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Training dog to heal


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Just got back from another frustrating walk w/my 14mo English Setter, she will not heal.. It's either her pulling me or viseversa, and I'm not sure how it's possible, but gets worse every day. I will say, there's more robins out there than I can ever remember, and they drive her nuts..! Maybe it's over-stimulation, and me doing something wrong, or a combo. She's such a sweet dog, so I hate getting angry at her because she's pretty sensitve, so I need some advise soon. I'm in the process of fencing our yard, so that should help in training I hope. Any tips or suggestions? Thanks, Dave

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Lots of time but I train softly. There are times when I still add a half hich around the dogs waist to slow them down. It tightens on their waist when they pull and they get the idea quickly.

There is also a healing stick that some use for training. Lets you extend your reach to get the dogs attention.

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Heel training should be taught in a controlled environment with no distractions IE: your garage, a big ball field, a quiet parking lot...

Eventually when you feel your dog has the command down, you can mix in some distractions and reinforce it in the field. I have never been a fan of teaching commands in the field. They should always be set up in controlled environments and later brought to the field to be applied.

Good Luck!


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bear with me here as this could get a little long. There are two things here that you need to work with left behaviors and right behaviors. Left behaviors are to slow the dog down and get them back into the heel position. Right behaviors are to speed the dog up and bring them back into the heel position. What I am talking about is when I say a behavior is either a left circle or a left about. Same for the right. This is how I teach heal. Fist off dont plan on going for a walk, look at this as a training session. I use dehydrated calf liver as a treat as well. Start with you pup in the heel position and if you have to help her get into the position that you want her in. Start very basic with her and place a treat in your left hand and lower it to nose level for her. Take one step forward starting with your left leg at the same time tell her to heel. When she follows that piece of liver forward for the one step reward her with the liver and lots of praise. Do this four times the exact same way. Start with the left leg and finish with the right. Progress up to three steps starting with the left leg and the last step ending on the left leg. What you are doing is teaching pup that they will cue off of that leg stopping and starting. Pup will learn to watch what that leg is doing. The liver is a real plus on this as they want to follow that liver and get it. Now when pup is doing this consistently you are ready to try your first real walk. Now when pup starts to get ahead give the command heel and turn to the left in either a full 360 or a 180 and command heel, what you are doing is braking pups momentum. I have had dogs where I might work for a half hour and only cover 50 yards because of this. Now lagging(falling behind) is where we need to turn to the right to speed her up. You want to give some very light pops on the leash at the same time when doing this and give the command heal again. Remember you are in the teaching phase so be up beat and give repeated commands. If you stick with this for a week or two you will have a pup that will heel with out issue. Good luck and remember slow is fast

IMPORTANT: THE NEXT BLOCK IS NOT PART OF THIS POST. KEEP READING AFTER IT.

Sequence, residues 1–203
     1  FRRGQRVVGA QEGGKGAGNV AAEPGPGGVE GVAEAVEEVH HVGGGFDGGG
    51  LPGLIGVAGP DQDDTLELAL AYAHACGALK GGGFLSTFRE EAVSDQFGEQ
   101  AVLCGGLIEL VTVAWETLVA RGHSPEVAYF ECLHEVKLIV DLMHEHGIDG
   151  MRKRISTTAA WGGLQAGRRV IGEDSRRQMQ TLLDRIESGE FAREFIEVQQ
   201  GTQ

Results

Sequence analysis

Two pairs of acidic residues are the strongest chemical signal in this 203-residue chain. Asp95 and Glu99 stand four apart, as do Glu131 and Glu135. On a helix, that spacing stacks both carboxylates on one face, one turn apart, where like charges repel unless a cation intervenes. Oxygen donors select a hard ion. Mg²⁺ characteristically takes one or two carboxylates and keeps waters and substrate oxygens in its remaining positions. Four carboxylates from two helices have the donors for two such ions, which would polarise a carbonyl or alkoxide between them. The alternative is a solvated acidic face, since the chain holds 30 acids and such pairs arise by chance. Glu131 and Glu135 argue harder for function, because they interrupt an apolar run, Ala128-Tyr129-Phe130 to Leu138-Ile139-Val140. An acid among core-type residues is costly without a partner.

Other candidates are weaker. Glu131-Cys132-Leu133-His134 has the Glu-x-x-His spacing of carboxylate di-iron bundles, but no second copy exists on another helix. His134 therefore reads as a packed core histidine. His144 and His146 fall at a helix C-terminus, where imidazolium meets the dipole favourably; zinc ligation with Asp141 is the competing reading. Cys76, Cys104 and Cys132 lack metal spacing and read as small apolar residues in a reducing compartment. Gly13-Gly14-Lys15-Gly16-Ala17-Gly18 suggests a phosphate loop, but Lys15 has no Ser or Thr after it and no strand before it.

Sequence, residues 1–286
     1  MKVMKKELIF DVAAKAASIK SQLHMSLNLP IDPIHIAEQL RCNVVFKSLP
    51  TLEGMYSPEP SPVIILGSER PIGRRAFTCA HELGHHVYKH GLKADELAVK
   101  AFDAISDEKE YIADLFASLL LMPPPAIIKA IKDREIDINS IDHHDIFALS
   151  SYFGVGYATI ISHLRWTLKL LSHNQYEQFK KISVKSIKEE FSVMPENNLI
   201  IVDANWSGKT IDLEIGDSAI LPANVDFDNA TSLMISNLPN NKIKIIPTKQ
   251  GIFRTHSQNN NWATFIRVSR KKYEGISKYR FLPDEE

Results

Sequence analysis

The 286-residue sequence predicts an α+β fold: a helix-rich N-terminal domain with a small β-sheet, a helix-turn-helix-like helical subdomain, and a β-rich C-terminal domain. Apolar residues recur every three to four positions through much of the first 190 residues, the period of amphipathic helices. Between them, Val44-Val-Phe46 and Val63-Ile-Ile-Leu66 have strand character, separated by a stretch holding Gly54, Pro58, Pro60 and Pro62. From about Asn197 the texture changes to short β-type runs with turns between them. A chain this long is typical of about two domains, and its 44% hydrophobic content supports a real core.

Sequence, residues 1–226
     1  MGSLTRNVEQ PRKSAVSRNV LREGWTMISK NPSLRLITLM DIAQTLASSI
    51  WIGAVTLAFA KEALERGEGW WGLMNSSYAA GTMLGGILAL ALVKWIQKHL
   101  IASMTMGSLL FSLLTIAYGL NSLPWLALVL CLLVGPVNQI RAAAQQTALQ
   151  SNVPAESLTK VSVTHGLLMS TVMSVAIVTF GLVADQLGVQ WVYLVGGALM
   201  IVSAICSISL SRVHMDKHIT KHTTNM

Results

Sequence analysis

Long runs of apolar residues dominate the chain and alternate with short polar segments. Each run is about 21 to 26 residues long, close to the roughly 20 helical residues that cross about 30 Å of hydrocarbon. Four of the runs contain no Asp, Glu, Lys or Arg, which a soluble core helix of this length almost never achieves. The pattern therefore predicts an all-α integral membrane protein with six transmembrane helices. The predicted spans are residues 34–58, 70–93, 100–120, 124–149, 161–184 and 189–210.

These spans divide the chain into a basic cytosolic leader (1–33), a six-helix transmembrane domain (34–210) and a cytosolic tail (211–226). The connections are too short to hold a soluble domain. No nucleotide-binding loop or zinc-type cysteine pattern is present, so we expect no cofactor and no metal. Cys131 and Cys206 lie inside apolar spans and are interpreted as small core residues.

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I guess I wrongly assumed that there would be separate training times built into the question.

As usual, don't expect anything in the field that they don't do repeatedly in training. If they are not heeling in training it would be folly to expect them to heel on a walk or in a field.

I had one dog go a couple of months heeling in training and she still didn't get it regularely. Then one day it just popped. Patients and repetition.

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Thanks for the responses! Yep, using a flat collar. I have a choke chain, but never used it. Also have an e-collar, I rarely use. I agree that distractions are my biggest issue. I live next to the airport, so on walks we get planes, about a billion birds, squirrels, other dogs, etc.. I have fencing on order, so hopefully within next cpl of weeks, we can start training again in the relative peace of our backyard. I'm going to try GSP4ME's training method, I'm sure it'll work! Thanks again, Dave

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Good advice here!!!

What is working for me on my 6 month old lab is (and several have already mentioned these):

1) Repetition, do some every night.

2) Train in your yard - no distractions.

3) Go around trees and bushes, I'm heeling her on the right side, when I go clockwise around the tree, she is forced to her spot or gets stepped on.

4) Use a prong collar!!! It looks more wicked than it really is, all it does is 'tighten' around her neck, but she gets the idea that she shouldn't be pulling against the leash. Try it!

5) Repetition.

Its worth the effort when you’re making the sneak up on a duck slough or walking across a plowed field, getting ready to hunt a pheasant spot, you’re not hacking at the dog, making noise, or worse yet, like my brother “here hold my gun while I put a leash on”. Grrrrr

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